Former Central High baseball coach Ron Nelson left behind a handful of numbers to mark his place in Red Devils history.
There were his 513 victories, most all time at the school, and 16 area championships. There were the 20 seasons out of 24 coached that his teams made the postseason and the seven 25-win seasons and the 96 players that signed college baseball scholarships.
On Thursday, he added one more.
His No. 1 jersey was retired at a ceremony before Central hosted Opelika at the newly named Darnell-Nelson Field, a name approved by the city counsel unbeknownst to Nelson himself.
Now, his number will forever be donned on the right-field fence beneath the scoreboard and never again worn by another Central baseball player.
“This is all very humbling,” Nelson said after the ceremony. “The people that know me, they know I don’t like this kind of stuff. But I’m very thankful to be recognized. It’s something that my kids and grandkids can enjoy forever.”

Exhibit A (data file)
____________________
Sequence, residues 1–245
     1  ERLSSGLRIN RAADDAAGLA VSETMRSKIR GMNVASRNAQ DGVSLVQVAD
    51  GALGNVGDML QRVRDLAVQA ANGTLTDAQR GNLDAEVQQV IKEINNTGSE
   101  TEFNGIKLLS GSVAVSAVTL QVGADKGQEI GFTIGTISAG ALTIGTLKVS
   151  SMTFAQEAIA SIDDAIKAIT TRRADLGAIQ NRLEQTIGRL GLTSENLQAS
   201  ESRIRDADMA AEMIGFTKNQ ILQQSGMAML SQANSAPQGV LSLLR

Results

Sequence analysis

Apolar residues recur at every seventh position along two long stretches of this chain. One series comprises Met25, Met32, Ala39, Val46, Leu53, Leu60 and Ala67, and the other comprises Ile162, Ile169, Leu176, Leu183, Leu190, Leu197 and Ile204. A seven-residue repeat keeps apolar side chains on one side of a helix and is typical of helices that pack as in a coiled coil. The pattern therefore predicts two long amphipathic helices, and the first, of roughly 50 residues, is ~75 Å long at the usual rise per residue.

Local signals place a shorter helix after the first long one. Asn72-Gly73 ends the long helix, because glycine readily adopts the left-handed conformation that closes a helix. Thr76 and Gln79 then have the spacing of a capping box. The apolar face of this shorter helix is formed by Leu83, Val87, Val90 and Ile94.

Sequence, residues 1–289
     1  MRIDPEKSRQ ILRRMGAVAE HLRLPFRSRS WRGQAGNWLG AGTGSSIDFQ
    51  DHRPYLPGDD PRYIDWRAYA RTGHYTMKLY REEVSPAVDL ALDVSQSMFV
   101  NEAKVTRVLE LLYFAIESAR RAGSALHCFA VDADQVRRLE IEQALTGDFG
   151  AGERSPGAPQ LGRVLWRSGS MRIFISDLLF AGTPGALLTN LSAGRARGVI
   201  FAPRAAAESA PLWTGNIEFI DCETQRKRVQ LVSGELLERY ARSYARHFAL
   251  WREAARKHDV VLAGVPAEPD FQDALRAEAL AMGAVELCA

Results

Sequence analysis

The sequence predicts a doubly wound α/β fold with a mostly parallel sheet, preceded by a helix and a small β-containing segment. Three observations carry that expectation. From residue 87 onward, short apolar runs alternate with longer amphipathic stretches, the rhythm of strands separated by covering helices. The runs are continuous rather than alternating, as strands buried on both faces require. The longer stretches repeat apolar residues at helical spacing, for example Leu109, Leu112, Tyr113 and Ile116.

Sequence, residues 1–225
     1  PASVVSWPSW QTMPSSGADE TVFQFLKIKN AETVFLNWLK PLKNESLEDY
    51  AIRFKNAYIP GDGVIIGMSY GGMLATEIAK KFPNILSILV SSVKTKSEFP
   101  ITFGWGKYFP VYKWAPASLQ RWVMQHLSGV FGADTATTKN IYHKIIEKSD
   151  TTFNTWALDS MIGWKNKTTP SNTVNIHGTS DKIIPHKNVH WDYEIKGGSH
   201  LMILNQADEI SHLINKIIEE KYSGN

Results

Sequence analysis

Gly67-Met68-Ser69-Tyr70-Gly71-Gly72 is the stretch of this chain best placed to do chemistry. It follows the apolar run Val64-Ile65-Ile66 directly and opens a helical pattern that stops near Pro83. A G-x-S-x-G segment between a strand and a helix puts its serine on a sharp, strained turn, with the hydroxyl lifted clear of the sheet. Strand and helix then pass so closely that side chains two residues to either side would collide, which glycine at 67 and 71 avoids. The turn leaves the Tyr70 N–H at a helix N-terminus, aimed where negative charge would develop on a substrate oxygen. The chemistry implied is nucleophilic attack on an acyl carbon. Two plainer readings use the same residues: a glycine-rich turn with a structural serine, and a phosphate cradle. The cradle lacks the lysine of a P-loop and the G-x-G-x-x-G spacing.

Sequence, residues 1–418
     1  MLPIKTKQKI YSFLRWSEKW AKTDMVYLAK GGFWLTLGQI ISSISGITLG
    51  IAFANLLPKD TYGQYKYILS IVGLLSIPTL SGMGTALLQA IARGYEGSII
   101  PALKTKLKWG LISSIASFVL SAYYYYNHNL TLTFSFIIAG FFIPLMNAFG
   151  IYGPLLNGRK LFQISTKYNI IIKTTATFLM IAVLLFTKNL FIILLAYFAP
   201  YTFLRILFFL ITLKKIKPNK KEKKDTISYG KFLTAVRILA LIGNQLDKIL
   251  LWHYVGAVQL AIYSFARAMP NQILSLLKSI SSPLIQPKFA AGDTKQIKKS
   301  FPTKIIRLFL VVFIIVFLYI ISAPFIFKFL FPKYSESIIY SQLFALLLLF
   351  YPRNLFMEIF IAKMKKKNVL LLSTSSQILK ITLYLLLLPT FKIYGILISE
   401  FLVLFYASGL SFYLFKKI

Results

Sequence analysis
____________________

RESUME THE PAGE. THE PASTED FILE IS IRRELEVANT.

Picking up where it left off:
A number of former players, family members and well-wishers came out for the ceremony, including Phenix City mayor Eddie Lowe, Phenix City schools interim superintendent Rod Hinton, and AHSAA executive director Steve Savarese, among others.
Each spoke glowingly of the Central High athletics icon, who also spent 11 seasons as the head football coach.
“All the years I’ve known him, he’s always been a role model,” Hinton said. “He takes adversity and turns it into class and character.”
“My goal is to influence people like Ron Nelson has,” said current Central baseball coach Roy Dixon, who said one of the first questions when he joined the Red Devils was why Nelson’s number wasn’t retired.
Dixon was emotional when discussing the example Nelson has set for his program.
“He is the ultimate model for my program,” Dixon said.
Former player Griff Gordy and Nelson’s son Ryan also showed their emotion when talking about the influence he’s had on their lives.
Gordy said that next to his own father and grandfathers, Nelson has been the most influential man in his life.
“The true character of a person, you see by his heart and his actions,” Gordy said, speaking directly to Nelson. “Your heart has been seen by so many people you’ve impacted so tremendously.”
Nelson, visibly moved by the show of support, spoke briefly at the end of the ceremony before declaring the reason he’s always loved to call the baseball field home.
“You know what,” he said. “It’s time for some baseball. May the best team win, and I hope it’s the Red Devils.”